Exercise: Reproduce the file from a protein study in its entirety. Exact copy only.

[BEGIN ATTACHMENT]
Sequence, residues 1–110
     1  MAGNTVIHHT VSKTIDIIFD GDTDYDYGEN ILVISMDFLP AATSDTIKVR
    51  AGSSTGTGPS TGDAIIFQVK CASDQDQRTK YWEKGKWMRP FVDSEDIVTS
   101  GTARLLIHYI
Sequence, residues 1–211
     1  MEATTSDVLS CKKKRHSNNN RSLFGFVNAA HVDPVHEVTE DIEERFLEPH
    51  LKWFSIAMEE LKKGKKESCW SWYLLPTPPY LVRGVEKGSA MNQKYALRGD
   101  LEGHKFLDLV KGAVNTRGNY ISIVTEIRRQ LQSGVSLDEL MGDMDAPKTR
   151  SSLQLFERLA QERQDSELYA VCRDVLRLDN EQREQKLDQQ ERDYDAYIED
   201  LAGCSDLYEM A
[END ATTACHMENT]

Sequence, residues 1–110
     1  MAGNTVIHHT VSKTIDIIFD GDTDYDYGEN ILVISMDFLP AATSDTIKVR
    51  AGSSTGTGPS TGDAIIFQVK CASDQDQRTK YWEKGKWMRP FVDSEDIVTS
   101  GTARLLIHYI
Sequence, residues 1–211
     1  MEATTSDVLS CKKKRHSNNN RSLFGFVNAA HVDPVHEVTE DIEERFLEPH
    51  LKWFSIAMEE LKKGKKESCW SWYLLPTPPY LVRGVEKGSA MNQKYALRGD
   101  LEGHKFLDLV KGAVNTRGNY ISIVTEIRRQ LQSGVSLDEL MGDMDAPKTR
   151  SSLQLFERLA QERQDSELYA VCRDVLRLDN EQREQKLDQQ ERDYDAYIED
   201  LAGCSDLYEM A